"I remember us watching Game 7 last year between Anaheim and Detroit and we were kind of hoping for that matchup," said Stoll, on a conference call Thursday, the day after the Kings scored a historic come-from-behind victory over the San Jose Sharks in the Western Conference quarterfinals.
The Kings became the fourth team in NHL history to overcome a 3-0 series deficit to win and the reward is a date with their Southern California rivals, the Anaheim Ducks, with Game 1 on Saturday. Until now, the real rivals for the Kings have been the San Jose Sharks, the Vancouver Canucks and, more recently, the St. Louis Blues.
Anaheim? Barely even Frenemies.
"We know them very well. Sometimes, you skate together in the summers and with the lockout, we skated together quite a bit — but it's going to be a whole new animal now, with playing them in the playoffs," Stoll said. "They obviously had a great team and had a great year, but we feel we have done a lot of good things too.
"I'm looking forward to it. I think everybody in the room is. We were talking about it [Wednesday] night, probably five minutes after the game ended. You just get ready to go again. You get reenergized right away and you move on."
Kings President and General Manager Dean Lombardi reflected on the San Jose series and the road ahead in the Western Conference.
"We're going into another war zone here," he said Thursday afternoon to The Times. "Everyone knows this conference and it's never going to get any easier. It's just like last year. St. Louis, a war. San Jose, a war, and this will be no different.
Stoll and Kings Coach Darryl Sutter both reiterated a point that a lot of players made in the lead-up to the outdoor game at Dodger Stadium in January — that there is nothing like a playoff series between two teams to turn a manufactured rivalry into the real thing.
This is a different era compared to Sutter's playing days when there wasn't nearly the same collegiality with rival players.
"We've seen that before, with the Calgary-Edmonton thing and probably some of those East Coast teams, where until you play each other in the playoffs, there's not really a rivalry," said Sutter. "That was a big reason the league wanted to go to divisions — to get those rivalries. If you look at this, it's exactly what everybody wanted."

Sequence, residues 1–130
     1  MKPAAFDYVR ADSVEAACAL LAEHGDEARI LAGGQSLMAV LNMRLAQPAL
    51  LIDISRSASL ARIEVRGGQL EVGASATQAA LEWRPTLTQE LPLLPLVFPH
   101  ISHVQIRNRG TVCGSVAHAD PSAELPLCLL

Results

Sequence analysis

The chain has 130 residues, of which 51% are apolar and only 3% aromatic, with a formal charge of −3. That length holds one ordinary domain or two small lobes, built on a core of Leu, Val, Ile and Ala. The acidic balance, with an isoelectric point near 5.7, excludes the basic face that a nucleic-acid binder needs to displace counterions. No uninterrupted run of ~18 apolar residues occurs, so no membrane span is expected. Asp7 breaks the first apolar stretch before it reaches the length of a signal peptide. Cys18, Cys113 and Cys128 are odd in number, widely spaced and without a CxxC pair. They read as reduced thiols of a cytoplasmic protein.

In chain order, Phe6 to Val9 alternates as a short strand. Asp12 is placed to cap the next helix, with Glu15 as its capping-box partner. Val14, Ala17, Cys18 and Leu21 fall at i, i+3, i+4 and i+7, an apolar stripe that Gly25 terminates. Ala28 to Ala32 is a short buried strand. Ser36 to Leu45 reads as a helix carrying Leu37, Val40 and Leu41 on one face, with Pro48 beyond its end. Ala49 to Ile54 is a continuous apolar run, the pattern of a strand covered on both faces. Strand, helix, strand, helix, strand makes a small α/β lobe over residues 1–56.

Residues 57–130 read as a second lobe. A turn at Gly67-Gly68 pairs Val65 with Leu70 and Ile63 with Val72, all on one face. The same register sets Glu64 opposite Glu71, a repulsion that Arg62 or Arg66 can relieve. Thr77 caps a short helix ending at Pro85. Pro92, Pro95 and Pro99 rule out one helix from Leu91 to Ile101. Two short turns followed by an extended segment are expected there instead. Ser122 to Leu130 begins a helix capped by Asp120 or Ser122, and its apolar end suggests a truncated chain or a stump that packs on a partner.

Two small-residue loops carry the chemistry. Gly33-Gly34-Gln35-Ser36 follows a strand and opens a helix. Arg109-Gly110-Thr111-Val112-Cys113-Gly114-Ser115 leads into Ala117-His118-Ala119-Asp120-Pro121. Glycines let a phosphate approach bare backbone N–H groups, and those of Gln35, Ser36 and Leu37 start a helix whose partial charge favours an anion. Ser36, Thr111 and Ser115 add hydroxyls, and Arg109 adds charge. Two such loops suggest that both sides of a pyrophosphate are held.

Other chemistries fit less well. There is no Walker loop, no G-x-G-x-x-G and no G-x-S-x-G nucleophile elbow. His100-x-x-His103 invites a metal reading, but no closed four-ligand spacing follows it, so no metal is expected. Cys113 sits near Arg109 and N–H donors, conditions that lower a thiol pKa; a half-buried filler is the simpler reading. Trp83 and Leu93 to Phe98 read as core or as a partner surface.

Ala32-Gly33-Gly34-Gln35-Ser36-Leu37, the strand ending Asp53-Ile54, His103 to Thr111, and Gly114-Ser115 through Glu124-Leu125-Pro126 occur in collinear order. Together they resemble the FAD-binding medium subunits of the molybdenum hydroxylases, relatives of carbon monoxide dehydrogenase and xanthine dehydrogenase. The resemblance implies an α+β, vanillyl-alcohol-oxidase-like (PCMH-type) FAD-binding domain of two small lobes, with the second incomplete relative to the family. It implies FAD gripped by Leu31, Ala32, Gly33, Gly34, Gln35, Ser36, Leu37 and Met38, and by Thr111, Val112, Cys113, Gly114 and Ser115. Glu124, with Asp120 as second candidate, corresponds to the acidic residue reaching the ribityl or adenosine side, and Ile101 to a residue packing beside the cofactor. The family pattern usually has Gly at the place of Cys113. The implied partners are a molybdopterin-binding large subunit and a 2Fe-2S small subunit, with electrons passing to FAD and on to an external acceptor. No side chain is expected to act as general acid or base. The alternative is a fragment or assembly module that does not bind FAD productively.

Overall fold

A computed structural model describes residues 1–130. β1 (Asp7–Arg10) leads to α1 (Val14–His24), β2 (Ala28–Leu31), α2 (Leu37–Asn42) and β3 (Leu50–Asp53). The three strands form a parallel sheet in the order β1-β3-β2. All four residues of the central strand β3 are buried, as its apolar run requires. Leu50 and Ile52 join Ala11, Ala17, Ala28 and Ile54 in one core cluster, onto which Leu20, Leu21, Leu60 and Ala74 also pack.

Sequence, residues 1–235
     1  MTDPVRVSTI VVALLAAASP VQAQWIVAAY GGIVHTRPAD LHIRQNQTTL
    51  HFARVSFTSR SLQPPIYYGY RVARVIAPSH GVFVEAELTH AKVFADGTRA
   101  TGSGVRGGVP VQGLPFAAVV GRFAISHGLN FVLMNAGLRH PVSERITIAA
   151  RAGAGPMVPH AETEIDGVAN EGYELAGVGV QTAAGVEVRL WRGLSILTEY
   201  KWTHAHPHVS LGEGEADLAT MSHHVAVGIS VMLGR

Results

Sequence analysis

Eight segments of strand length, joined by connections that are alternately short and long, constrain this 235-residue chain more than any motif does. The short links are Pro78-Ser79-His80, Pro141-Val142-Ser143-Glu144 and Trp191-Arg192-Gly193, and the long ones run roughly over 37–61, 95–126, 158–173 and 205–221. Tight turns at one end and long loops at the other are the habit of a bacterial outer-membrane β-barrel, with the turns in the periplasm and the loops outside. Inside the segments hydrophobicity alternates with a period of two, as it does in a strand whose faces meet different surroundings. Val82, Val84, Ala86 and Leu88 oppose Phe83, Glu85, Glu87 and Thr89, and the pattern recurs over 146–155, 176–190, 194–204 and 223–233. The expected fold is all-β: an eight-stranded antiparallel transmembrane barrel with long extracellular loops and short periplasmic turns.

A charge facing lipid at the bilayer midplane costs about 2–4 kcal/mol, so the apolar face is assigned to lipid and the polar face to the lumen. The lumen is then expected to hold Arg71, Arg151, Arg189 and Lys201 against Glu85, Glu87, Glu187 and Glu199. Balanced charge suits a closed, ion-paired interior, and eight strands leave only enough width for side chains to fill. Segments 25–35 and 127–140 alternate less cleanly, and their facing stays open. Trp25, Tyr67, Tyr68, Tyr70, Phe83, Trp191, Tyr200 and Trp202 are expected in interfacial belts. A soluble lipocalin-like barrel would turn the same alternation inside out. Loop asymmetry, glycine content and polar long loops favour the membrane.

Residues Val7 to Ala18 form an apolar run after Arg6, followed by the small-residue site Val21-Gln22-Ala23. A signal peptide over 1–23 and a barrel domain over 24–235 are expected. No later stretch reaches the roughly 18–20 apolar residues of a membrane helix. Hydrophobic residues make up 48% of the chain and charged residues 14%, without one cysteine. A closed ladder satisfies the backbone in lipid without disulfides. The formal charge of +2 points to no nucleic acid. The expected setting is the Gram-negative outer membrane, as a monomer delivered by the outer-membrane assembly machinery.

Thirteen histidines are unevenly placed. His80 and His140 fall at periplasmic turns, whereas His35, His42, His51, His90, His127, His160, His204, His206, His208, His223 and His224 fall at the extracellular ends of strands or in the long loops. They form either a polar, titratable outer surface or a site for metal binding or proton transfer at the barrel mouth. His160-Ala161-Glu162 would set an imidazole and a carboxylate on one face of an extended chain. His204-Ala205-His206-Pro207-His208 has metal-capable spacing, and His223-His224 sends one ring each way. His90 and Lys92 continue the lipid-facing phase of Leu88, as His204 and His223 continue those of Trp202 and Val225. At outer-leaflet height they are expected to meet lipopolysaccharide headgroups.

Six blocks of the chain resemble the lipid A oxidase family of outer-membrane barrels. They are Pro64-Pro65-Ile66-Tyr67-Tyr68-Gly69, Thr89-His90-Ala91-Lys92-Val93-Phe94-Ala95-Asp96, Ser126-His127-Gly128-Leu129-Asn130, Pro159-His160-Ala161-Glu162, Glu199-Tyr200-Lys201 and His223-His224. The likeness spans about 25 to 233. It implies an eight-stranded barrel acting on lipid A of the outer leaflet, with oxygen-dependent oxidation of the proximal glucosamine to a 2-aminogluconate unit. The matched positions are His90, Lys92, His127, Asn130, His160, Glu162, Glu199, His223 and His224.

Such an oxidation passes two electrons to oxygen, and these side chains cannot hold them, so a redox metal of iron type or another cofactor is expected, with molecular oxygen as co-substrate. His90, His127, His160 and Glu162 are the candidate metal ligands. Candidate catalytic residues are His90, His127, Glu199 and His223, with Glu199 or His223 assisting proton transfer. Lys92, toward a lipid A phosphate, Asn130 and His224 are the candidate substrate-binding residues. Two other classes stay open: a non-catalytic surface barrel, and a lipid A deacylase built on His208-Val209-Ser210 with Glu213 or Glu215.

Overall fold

One of the best things about a Freeway Series is that the clubs, for the first time in their histories, get to commute by car or bus to the visiting building, something Eastern Conference teams have done for years. But Sutter noted that even though the cornerstones of the Kings — from goaltender Jonathan Quick to defenseman Drew Doughty to forwards Anze Kopitar, Dustin Brown and Jeff Carter — were all involved in the Olympics and the travel that involved, the Kings handled it very well.
"If you look at our team, we were one of the best clubs in the league after the Olympic break," said Sutter. "Our team is very well-schooled in getting the travel part of it. They manage it well, they handle it well and we trust our players, our group, to tell you what they want, and that's what you have to do."
The Kings have advanced to the second round for the third consecutive season, and only the New York Rangers can share that distinction. That raises the question about the makeup of the Kings — and the notion that they are built for playoffs.
"We're a good hockey team," said Stoll. "We have a great goaltender. Our defense can play various types of games. They can skate. They can play the skilled game. They can shut teams down. You saw what happened in this series against San Jose — the last three or four games, it was pretty special what our defense and goaltender did."
Stoll noted the Kings' depth at forward has improved.
"Two guys that added a lot to our team two years ago when we won were Dwight King and Jordan Nolan. Now, this year, you've got Tyler Toffoli and Tanner Pearson, who are really coming into their own. They are big, big reasons why we're moving on here."
Lombardi was asked what he thought when the Kings trailed 3-0 in the series against his old franchise, the Sharks. Sutter also was his coach in San Jose when Lombardi was GM there.
"We all know Darryl well enough to know that he's not going to tell you anything just to pump you up," Lombardi said. "It's about what he believes. I remember him with that steely stare.
"He said, 'I can guarantee you one thing: We're not going quietly.' He looked at me and said, 'We can still win this thing.'"